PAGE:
We’re in the 21st Century, and experience is still the best teacher. That’s quite a streak.
The reason is simple: the mind boggles. The left-brain/right-brain theory is officially last-season now, and apparently even fancy brain training apps don’t improve cognition: it seems we only get better at the training tasks. Clearly we’re still struggling to understand how we learn, so it’s really hard to teach.
Somehow though, advertising is doing pretty good. People listen to us. They eat what we tell them to — and when it makes them sick, they take what we tell them to. Especially with the Data Revolution, advertising has muscled its way into the realm of science. We talk of ‘deliverables’ with a confidence that is often backed by experience.
Probably an ad will always have more kick than a school syllabus. Still there is no reason why our childhood memories should be crowded by commercials, with only a handful of pleasant learning experiences. Full-time educators probably know these things, but older siblings and babysitters and new parents may find them useful.
Tip 1: They don’t know. That’s why you are telling them.
Children can be pathetically dense. It takes them months to learn how to locate their nostril with a finger. It may take a decade to learn not to do this in public. But we grow in time, quickly forgetting how we flashed our undergarments with glee. This disconnect between adults and children is at the root of all our problems. By the time we start teaching, our lessons have sunk into our systems, so the relations between objects and cognitive symbols seem obvious. When the kid skips count from ‘four’ to ‘eleven’, we clench our teeth because our memories have made precisely that jump, age-wise.
But advertisers don’t blame the consumer when brand recall is low. We are trained to lay things out, as many times in a day as we can. We break down the steps; we cue reactions with colour; we often resort to toddler-friendly rhymes. We don’t plan cognitive leaps, because we don’t expect them — we assume that reception is passive. Perhaps it helps that we don’t get to blame the audience when we fail.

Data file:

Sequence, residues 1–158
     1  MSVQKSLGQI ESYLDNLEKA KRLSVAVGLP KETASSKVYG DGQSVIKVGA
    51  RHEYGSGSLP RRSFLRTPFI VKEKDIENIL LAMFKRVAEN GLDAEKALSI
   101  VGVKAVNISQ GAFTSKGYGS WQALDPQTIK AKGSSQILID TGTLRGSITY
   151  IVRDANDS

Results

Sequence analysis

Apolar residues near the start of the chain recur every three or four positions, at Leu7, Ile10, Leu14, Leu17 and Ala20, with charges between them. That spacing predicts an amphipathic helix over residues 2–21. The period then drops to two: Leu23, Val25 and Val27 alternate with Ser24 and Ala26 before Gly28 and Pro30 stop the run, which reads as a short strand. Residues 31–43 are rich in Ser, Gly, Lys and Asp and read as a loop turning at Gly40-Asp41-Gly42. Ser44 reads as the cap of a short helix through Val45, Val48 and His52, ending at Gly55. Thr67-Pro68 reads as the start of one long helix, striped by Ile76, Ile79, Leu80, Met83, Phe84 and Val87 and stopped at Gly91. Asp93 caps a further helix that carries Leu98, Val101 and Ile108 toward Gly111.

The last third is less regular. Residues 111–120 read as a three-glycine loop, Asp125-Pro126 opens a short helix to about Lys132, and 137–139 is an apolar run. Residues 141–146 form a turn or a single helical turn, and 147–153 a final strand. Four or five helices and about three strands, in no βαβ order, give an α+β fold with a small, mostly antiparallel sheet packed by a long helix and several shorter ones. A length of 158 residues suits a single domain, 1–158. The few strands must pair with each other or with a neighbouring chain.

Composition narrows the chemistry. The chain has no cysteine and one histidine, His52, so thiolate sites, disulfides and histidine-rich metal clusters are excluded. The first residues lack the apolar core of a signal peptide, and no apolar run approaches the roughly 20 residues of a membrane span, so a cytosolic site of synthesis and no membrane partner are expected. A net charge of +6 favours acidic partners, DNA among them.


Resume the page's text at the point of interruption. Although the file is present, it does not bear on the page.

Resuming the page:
Tip 2: Learning can’t be boring.
Boredom shows there’s something wrong. Story problems have an advantage over abstract lessons because they simulate the environment, making it easier to remember the application. Learning is largely an associative process. Unfortunately our formal systems are designed to stuff the student with words and figures, hoping something will stick. This system often fails and we see people failing at life after acing the tests.
In commercials, we create the need before we introduce the product. Good headlines never ask the consumer to do something new; they tie into something old — a fear, or a drive, or a common memory. The idea is to create pockets for lessons to lock into, like the mountaineer with his pick. Don’t just soldier on when you see blank stares, unless you want to establish a firm link between your lesson and face-melting boredom. Jump on a table. Make a funny face. It’s not silly if it works.
Tip 3: What you say doesn’t matter — it’s what they hear.
“How can you get it wrong? I just told you!” It didn’t get through. Try again. Feedback always mirrors the input, but the problem is that the input includes environmental and psychological interference: passing vehicles, fear of being singled out, what we had for breakfast. All of this before the information even reaches the murky depths of the thing we call ‘understanding’, where existing knowledge gives it a prison-yard welcome. If you get frustrated and don’t repeat the lesson, the information won’t magically reconstruct itself in the student’s head. Kids just gamble to avoid punishment.
But with ads, you can’t broadcast and dust off your hands; your audience won’t do your work for you. There’s some science to our strategy, but mostly we just catch them where it suits us (can’t sell lottery tickets in a hospital) or we catch them everywhere. (Remember when promotional t‑shirts were cool? Good times.) It takes empathy, and commitment. Feed it to them. Repeat it. If it looks hopeless, change tack. They haven’t got it until they can hand it back.
Tip 4: It’s an honest-to-goodness superpower.
In your hand lays a human being, a person who may very well be president in thirty years. (Or a celebrity, if that’s still worth anything by then.) And they are going to make the extremely important decision to press a big button marked ‘Launch’ — or ‘Post’ — and alter the very fabric of civilization, whatever that means to those leotard-wearing people. Or they may not, if you handle this right. They may cure AIDS or dedicate an Oscar to you instead. You may fail to convince one fledgling felon that the world isn’t really made up of chumps, but you’ll probably bring several others to the Chump Side, bless your heart. You are altering reality for a human being. And there’s no corn syrup or credit card debt involved!